The communication between the communication software and the PMA software via thread signaling by the PMA software and calls from the communication software is advantageous because it minimizes complexity. Specifically, it allows the PMA software to communicate primarily by signaling, to thereby conserve processing time, while causing the multiple device drivers to handle the calls. Thus, the PMA software will initially signal to the thread in a particular device driver, without expending any more resources. If that particular device that is signaled is disabled, no further processing time is required. However, once the thread for that device is awakened and calls to the PMA software, only then will the PMA software load a code into the memory mailbox location designated by that call.

Note that if there is a usage event for the particular device and that device is not in the full power-on state, then that device is powered to a higher power state, typically the full power-on state. Additionally, its associated timer is reset to the time out value for that higher power state, i.e, for full power-on, it is set to the first time out value. For example, if the particular device is operating in the standby power state, it may be powered up to full power-on and its associated timer reset to the first time out value. Note that it is possible to implement the software so that the power is not necessarily raised to full power on, but rather is raised by a predetermined number of power states and the associated timer set to the timeout value for that state.

In a preferred embodiment, all of the timers are incremented or decremented in accordance with the system time or the operating system timer service for the electronic system. In one embodiment, the incrementing or decrementing can be done under control of the system clock. The incrementing or decrementing function can also be implemented by scheduling a task that obtains control at a particular time interval, i.e., once every second.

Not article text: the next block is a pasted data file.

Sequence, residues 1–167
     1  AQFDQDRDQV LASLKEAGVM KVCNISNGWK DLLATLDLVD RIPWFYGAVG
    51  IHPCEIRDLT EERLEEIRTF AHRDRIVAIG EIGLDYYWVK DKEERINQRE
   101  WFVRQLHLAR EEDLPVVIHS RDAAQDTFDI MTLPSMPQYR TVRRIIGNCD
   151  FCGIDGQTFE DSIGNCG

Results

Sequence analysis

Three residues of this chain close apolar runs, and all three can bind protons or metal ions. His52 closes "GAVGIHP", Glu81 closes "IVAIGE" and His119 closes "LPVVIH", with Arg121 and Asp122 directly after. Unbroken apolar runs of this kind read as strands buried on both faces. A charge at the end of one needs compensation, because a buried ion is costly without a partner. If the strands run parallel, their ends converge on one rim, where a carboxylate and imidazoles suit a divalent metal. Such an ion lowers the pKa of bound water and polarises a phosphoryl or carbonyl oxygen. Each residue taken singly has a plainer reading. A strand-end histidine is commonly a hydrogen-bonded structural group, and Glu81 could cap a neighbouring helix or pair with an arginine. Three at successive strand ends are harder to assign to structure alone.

Note that the implementation of the present invention using threads is particularly advantageous because it isolates the I/O device from all but the immediately adjacent software layer, thereby significantly decreasing the changes necessary to add I/O devices into the power management system.

Software may also be provided in the PMA software to provide an API to allow an application program running on top of the operating system for the electronic system to obtain information from the PMA software about the names of device drivers that are being power managed, and the time out values being used by those devices. This software may also include code to dynamically reconfigure the power management of the I/O devices being power managed by the PMA software and/or simply to display the power managed I/O configuration and/or its current power managed state. Alternatively, software may be provided merely to set the power state of individual I/O devices via this API.

The PMA software may also include code to automatically power up to full power-on an I/O device that is not already at the full power-on state if another designated I/O device indicates a usage event. For example, a screen could be powered to the full power-on state if a usage event is detected for a mouse.